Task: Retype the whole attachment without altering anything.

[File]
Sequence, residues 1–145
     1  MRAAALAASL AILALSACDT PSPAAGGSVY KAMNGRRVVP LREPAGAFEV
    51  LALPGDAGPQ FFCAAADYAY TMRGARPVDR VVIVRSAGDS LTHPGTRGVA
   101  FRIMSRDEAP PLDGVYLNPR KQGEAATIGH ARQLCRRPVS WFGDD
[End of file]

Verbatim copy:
Sequence, residues 1–145
     1  MRAAALAASL AILALSACDT PSPAAGGSVY KAMNGRRVVP LREPAGAFEV
    51  LALPGDAGPQ FFCAAADYAY TMRGARPVDR VVIVRSAGDS LTHPGTRGVA
   101  FRIMSRDEAP PLDGVYLNPR KQGEAATIGH ARQLCRRPVS WFGDD